zum Inhalt springen

Die Mutter aller Kooperationsprobleme

Axel Ockenfels and Christoph Schmidt
2019. Zeitschrift für Wirtschaftspolitik, 68(2), 122-130.

The discussion of climate policy received new impetus in the spring of 2019. Since then the topic has dominated the public discourse in Germany. The Fridays for Future movement continues to generate considerable pressure on policy makers. In addition, scientists emphasize in rare interdisciplinary unanimity both how urgent a radical renewal in climate policy would be, and that a uniform price for greenhouse gas emissions is the indispensable core element of the necessary reforms in Germany and Europe. One central aspect of climate policy is, however, often overlooked in all this: climate protection is essentially an international problem of cooperation. For climate change, it does not matter where greenhouse gases are emitted. The success of national climate policy must therefore be judged by whether it contributes to establishing international cooperation to reduce global greenhouse gas emissions.

Sharing Guilt: How Better Access to Information May Backfire

Roman Inderst, Kiryl Khalmetski, and Axel Ockenfels
2019. Management Science, 65(7), 2947-3448.

We study strategic communication between a customer and an advisor who is privately informed about the most suitable choice for the customer but whose preferences are misaligned with the customer’s preferences. The advisor sends a message to the customer who, in turn, can secure herself from bad advice by acquiring costly information on her own. In our experiments, we find that making the customer’s information acquisition less costly leads to less prosocial behavior of the advisor. This can be explained by a model of shared guilt, which predicts a shift in causal attribution of guilt from the advisor to the customer if the latter could have avoided her ex post disappointment. We conclude that providing better access to information through, for example, consumer protection regulation or digital information aggregation and dissemination, may have unintended negative consequences on peoples’ willingness to take responsibility for each other.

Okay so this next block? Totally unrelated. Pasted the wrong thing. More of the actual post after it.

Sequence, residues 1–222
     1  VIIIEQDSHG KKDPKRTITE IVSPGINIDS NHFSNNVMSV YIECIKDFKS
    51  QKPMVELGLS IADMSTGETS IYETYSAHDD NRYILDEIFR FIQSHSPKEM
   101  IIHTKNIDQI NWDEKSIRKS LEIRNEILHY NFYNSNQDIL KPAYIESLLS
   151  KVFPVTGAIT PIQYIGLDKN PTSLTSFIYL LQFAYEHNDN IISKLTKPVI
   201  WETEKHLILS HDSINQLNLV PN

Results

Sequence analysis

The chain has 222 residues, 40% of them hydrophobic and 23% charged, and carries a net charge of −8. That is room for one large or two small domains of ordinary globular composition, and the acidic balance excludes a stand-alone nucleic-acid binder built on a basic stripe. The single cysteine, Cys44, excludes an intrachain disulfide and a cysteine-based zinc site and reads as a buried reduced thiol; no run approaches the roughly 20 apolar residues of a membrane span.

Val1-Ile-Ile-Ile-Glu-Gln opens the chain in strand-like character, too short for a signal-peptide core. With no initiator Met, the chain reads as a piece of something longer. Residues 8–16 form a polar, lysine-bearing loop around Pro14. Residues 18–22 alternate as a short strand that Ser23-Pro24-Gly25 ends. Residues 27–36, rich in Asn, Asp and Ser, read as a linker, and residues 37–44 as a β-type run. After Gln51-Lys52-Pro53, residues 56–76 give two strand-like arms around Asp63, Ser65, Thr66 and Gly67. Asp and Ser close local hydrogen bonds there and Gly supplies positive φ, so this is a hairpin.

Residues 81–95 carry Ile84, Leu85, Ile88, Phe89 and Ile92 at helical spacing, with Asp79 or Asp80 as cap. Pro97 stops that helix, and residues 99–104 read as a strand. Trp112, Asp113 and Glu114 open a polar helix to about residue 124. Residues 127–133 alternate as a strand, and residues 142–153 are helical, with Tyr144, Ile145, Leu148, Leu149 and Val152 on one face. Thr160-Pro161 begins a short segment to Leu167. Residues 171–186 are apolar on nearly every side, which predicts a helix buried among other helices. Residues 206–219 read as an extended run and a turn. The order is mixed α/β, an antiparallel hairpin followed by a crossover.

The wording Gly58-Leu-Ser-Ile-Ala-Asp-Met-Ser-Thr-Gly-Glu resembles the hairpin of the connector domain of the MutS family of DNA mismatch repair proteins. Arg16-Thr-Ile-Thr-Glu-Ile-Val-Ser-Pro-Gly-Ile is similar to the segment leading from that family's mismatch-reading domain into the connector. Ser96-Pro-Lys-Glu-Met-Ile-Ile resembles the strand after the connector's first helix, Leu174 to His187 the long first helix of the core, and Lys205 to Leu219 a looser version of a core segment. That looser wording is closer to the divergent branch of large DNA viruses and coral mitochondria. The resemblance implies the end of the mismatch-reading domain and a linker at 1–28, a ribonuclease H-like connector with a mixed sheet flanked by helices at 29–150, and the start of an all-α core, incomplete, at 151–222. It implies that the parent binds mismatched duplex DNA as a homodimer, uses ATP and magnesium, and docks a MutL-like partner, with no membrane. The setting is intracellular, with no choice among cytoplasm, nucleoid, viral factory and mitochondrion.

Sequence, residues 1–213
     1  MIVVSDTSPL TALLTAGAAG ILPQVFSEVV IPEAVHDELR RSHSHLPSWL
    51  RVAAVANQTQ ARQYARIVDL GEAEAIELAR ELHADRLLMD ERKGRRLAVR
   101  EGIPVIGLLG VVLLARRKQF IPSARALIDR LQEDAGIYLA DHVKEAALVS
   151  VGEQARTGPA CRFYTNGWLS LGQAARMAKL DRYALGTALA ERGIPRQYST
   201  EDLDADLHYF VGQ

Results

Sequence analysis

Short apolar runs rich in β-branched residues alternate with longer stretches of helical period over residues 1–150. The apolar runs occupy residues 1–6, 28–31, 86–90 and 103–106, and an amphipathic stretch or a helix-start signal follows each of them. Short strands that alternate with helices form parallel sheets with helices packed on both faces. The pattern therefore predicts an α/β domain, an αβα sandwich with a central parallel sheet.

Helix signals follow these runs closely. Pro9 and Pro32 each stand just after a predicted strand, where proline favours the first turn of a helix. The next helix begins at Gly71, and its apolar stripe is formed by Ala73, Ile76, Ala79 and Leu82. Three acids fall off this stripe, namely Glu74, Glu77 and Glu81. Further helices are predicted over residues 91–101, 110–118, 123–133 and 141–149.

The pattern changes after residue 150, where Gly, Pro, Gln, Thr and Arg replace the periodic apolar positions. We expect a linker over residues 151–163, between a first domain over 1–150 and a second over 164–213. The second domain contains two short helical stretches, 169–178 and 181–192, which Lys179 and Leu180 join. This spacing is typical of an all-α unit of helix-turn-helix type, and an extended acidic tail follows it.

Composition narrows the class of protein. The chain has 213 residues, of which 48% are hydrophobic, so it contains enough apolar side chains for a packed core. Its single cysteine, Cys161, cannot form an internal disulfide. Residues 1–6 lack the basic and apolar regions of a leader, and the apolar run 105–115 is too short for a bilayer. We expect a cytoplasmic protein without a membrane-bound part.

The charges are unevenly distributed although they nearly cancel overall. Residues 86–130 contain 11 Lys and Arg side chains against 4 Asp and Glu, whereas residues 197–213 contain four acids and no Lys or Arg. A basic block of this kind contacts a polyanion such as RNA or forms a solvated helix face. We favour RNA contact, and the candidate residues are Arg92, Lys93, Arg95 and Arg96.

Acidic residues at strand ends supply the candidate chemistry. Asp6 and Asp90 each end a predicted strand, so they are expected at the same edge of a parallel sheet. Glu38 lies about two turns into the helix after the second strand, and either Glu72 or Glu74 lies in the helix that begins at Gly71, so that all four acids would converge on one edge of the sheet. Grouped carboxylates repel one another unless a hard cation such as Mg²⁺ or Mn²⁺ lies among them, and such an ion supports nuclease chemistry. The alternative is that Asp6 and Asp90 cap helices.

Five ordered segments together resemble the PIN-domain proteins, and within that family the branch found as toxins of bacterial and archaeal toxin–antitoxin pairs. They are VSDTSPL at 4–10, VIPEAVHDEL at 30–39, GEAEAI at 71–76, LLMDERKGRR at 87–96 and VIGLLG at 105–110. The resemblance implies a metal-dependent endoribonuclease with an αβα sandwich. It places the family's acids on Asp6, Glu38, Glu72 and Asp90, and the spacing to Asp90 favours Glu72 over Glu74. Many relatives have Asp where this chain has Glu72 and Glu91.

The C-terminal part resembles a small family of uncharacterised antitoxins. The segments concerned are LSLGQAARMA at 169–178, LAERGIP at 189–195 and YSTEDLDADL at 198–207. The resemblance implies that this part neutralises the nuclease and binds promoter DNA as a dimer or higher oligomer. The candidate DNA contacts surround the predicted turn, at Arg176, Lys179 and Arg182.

Using Technology to Eliminate Congestion

Peter Cramton, R. Richard Geddes and Axel Ockenfels
2019. Journal of Institutional and Theoretical Economics (JITE), 175(1), 126-139.

Traffic congestion is a pervasive worldwide problem. We explain how to harness existing technologies together with new methods in time-and-location markets to eradicate traffic congestion along with its attendant social harms. Our market design for road use builds on congestion pricing and models of efficient pricing in the electricity sector. The market maximizes the value of a transport network through efficient scheduling, routing and pricing of road use. Privacy and equity concerns are addressed. Transparent price information provides essential information for efficient long-term investment in transport.

People prefer coordinated punishment in cooperative interactions

Lucas Molleman, Felix Kölle, Chris Starmer and Simon Gächter
2019. Nature Human Behaviour, 3, 1145–1153.

Human groups can often maintain high levels of cooperation despite the threat of exploitation by individuals who reap the benefits of cooperation without contributing to its costs1–4. Prominent theoretical models suggest that cooperation is particularly likely to thrive if people join forces to curb free riding and punish their non-contributing peers in a coordinated fashion5. However, it is unclear whether and, if so, how people actually condition their punishment of peers on punishment behaviour by others. Here we provide direct evidence that many people prefer coordinated punishment. With two largescale decision-making experiments (total n = 4,320), we create minimal and controlled conditions to examine preferences for conditional punishment and cleanly identify how the punishment decisions of individuals are impacted by the punishment behaviour by others. We find that the most frequent preference is to punish a peer only if another (third) individual does so as well. Coordinated punishment is particularly common among participants who shy away from initiating punishment. With an additional experiment we further show that preferences for conditional punishment are unrelated to wellstudied preferences for conditional cooperation. Our results highlight the importance of conditional preferences in both positive and negative reciprocity, and they provide strong empirical support for theories that explain cooperation based on coordinated punishment.